39 Tasting Notes
The first couple steps are light and sweet with wildflower honey, black tea, dried apricot, and citrus notes dominating the golden brew, with a sweet earthiness in the background. It quickly becomes bittersweet and turns orange. I normally would have reduced the steeping time, but the bittersweet steeps have a deep, aromatic, resinous wood thing that I love, and it disappears in lighter steeps. The bitterness is quite tolerable anyway. The next few steeps move toward a more generic but still pleasant mushroomy earthiness, and that’s where this session ends because I’ve had a lot of puerh today and I can feel it.
Flavors: Apricot, Citrus, Earth, Flowers, Honey, Mushrooms, Resin, Wood
Today ended up being an oolong roast day. I tasted a Si Ji Chun I roasted in September after hating its vegetalness unroasted. The roast brought out some woodiness and spice reminiscent of a yancha, weirdly enough. Four or five steeps in, it had a strong brown sugar sweetness. I decided to roast it some more and see where it goes.
I also roasted an Alishan Jin Xuan that was a victim of poor storage at a cafe for a few years. I got several ounces of it ridiculously cheap because of that. Initially I tried a short refresh roast, and while it smelled great–honey, flowers, apricot–all that disappeared when I poured water on it, and the taste just wasn’t there, hardly any better than before reroasting. I roasted it a little further and I’ll check on it in a couple months.
The roast isn’t very heavy and doesn’t overpower the lighter floral notes while also bringing out some nuttiness and hints of spice. It finishes strongly citric, but not sour. Overall, it’s medium bodied with mild astringency and not very complex, but enjoyable.
Flavors: Citrus, Earth, Floral, Nutty, Spicy
This is wonderfully aromatic with a good amount of complexity. It’s primarily fruity, lots of florals too. The mouthfeel is almost oily, as usual for Dancong. It tastes best to me with slightly less tea than you’d expect to need flash steeped with boiling water, although it can take longer steeps just fine if that’s what you prefer; this seems to be pretty low on bitterness for a Dancong no matter how it’s brewed.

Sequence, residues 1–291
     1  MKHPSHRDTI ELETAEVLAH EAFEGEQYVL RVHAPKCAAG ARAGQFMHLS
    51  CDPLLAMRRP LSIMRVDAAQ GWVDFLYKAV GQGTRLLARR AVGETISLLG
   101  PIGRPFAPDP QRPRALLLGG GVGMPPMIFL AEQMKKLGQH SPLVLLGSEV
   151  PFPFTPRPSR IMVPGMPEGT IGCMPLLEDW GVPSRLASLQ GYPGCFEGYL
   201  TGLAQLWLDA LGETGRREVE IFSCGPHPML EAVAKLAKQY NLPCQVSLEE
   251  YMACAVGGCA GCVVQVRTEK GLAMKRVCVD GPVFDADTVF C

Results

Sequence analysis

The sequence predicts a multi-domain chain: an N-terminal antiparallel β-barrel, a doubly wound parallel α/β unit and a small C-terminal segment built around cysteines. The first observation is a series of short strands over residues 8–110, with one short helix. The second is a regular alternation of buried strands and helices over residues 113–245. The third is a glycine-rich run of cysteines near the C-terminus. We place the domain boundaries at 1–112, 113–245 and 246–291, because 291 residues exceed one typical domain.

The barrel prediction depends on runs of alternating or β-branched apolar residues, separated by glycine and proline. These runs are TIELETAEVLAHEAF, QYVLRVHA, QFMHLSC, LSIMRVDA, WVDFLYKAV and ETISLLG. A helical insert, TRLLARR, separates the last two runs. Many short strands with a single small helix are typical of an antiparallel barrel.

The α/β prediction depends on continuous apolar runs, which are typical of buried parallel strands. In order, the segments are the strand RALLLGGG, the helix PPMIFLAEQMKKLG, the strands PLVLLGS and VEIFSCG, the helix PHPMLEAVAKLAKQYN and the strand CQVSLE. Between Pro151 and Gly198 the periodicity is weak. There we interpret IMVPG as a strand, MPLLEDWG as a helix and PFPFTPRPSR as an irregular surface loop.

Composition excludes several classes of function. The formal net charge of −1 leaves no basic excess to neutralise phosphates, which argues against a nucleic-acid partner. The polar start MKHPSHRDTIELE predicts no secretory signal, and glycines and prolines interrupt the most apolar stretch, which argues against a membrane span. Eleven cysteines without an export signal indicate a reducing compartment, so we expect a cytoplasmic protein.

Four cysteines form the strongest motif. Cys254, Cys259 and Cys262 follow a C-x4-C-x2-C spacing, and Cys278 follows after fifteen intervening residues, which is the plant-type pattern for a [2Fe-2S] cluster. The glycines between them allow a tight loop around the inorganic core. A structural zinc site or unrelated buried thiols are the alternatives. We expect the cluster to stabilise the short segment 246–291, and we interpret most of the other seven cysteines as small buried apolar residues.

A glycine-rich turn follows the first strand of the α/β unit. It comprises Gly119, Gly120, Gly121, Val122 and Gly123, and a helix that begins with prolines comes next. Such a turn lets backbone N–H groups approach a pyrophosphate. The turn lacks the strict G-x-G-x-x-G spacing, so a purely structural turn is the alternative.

Flavors: Apricot, Fig, Floral, Pineapple, Raspberry, Tropical
I initially used a stronger ratio and flash steeps, and it gave the impression of a generic young sheng: vegetal, astringent, fairly bitter. Removing some leaves and steeping longer revealed more of the tea’s character. It’s mellow and slightly fruity, with hints of apricot and berries. Lots of caramel as well. There’s a bit of vegetal bitterness to balance all that sweetness, and some intermittent spiciness that I love. The mouthfeel is quite thick for the age; it’s almost like a syrup. The best part is probably the desert-like finish. I need a cake of this to see how it ages.
Flavors: Apricot, Berries, Caramel, Peppercorn, Toffee, Vanilla, Vegetal
I liked this more than I expected based on my experience with Adagio’s oolongs. The roast is on the lighter side for a Wuyi, so it’s a little more floral and fruity than I’m used to Wuyi oolongs being. There’s also a sweet cinnamon note and some dark chocolate. I enjoyed this sample, but I wouldn’t buy it because there’s a lot of high quality Wuyi oolong out there for a similar price.
Flavors: Cinnamon, Dark Chocolate, Floral, Fruity, Roasted
The leaves have a baked, nutty and woody smell that comes through into the brewed cup. It’s fairly tannic, with a bittersweet chocolate and muscatel finish and moderate level of astringency. This doesn’t taste like first flush Darjeeling.
Not sure what I think of it. It’s quite different from the kind of Darjeeling I’d pick out when reading tasting notes and smelling dry leaves before buying.
Flavors: Chocolate, Herbs, Muscatel, Nuts, Toasty, Wood